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Updated 1:30 PM April 26, 2008
 

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  Research
Divine intervention: Blacks use prayer to cope with stress

Blacks are more likely to pray during stressful circumstances than whites, a U-M study shows.

Black respondents (both African Americans and blacks of Caribbean descent) are more likely than non-Hispanic whites to indicate that they use prayer to cope with stressful situations and look to God for support, strength and guidance.

About 90 percent of African Americans, 86 percent of Caribbean blacks and 60 percent of non-Hispanic whites said that prayer is very important when coping with life problems.

"The findings suggest that in this analysis of race and ethnicity influences, race status (being black vs. non-Hispanic white) is more important than ethnicity (being of Caribbean descent) in patterning attitudes concerning religious coping," the researchers say in the study.

The research is a first-of-its-kind investigation of the correlates of religious coping (prayer during stressful times) among African Americans, Caribbean blacks and non-Hispanic whites. The inclusion of Caribbean blacks allows investigation of ethnic differences within the black population that typically are not taken into account.

Understanding the diversity that exists within the black population is vitally important, as Caribbean blacks are significantly different from African Americans on a number of social status and religious characteristics, the researchers say in the study.

U-M researchers include Linda Chatters, a professor of social work and public health; Robert J. Taylor, professor and associate dean of research in the School of Social Work; and James S. Jackson, director of the Institute for Social Research (ISR).

The findings appear in the current issue of the Journal of Community Psychology.

Researchers used data from the National Survey of American Life (NSAL): Coping with Stress in the 21st Century, collected by the Program for Research on Black Americans at ISR. The NSAL includes the first-ever major probability sample of Caribbean blacks.

Respondents reflected on attitudes and opinions about religious coping, and provided information about their religious affiliation and demographic characteristics.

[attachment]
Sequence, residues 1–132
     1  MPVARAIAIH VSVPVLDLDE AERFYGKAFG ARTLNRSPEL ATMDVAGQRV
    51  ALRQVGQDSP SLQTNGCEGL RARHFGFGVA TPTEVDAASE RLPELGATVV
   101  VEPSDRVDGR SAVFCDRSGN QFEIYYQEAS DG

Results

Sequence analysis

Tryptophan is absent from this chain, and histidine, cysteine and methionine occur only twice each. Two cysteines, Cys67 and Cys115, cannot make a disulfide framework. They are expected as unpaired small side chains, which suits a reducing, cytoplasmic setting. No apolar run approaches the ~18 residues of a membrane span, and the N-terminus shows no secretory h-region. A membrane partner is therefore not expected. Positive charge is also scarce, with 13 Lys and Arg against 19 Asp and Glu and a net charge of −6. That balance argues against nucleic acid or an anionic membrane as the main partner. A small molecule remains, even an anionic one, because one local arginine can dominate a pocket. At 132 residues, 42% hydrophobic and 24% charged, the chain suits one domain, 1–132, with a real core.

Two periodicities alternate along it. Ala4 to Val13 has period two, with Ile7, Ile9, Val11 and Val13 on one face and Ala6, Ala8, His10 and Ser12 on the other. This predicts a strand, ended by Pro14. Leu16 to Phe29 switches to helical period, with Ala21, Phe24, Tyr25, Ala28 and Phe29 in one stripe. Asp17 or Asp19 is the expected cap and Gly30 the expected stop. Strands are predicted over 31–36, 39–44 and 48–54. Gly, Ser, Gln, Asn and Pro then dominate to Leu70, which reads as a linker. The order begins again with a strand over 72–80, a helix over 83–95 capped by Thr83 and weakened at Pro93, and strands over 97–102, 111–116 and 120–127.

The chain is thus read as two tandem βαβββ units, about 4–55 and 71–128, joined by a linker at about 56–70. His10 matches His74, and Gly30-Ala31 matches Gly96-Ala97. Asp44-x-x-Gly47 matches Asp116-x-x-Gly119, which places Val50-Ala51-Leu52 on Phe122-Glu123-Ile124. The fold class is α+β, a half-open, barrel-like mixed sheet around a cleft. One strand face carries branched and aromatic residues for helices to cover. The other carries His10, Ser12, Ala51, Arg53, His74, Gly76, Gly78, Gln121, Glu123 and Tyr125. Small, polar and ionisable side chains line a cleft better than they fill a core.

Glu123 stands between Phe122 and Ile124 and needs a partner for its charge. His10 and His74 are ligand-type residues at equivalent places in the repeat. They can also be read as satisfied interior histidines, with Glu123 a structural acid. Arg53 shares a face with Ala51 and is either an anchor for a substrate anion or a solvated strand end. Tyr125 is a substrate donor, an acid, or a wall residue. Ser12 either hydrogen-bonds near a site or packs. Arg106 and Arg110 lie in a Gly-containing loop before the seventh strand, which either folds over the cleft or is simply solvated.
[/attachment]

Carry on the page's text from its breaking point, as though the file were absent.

For both African Americans and Caribbean blacks, women and married respondents were more likely to look to God for guidance than were men and persons who cohabit with their partners, respectively.

The researchers noted some circumstances in which using prayer solely to cope with problems can lead to negative outcomes. Sole reliance on religious coping strategies may prevent individuals from seeking professional help, which might create problems if it delays timely medical attention and diagnosis of a health problem.

"These observations suggest that while religious coping may represent an important and central resource in handling life problems, under particular circumstances, it may be detrimental to health and well-being outcomes," Chatters says.

In comparing regional differences, Southerners are more likely than respondents in the Northeast, North Central and West to seek strength and guidance from God. Denominational differences indicate that Baptists are more likely than Methodists and respondents with no religious affiliations to pray in dealing with stress.

African Americans and Caribbean blacks with fewer years of formal education were more likely than their counterparts to endorse the importance of prayer. This contradicts other research that finds education and other measures of socioeconomic status are inconsistent predictors of religious participation, the researchers say.

Among Caribbean blacks, there were differences in religious coping attitudes based on country of origin and immigration history, suggesting new areas of study.

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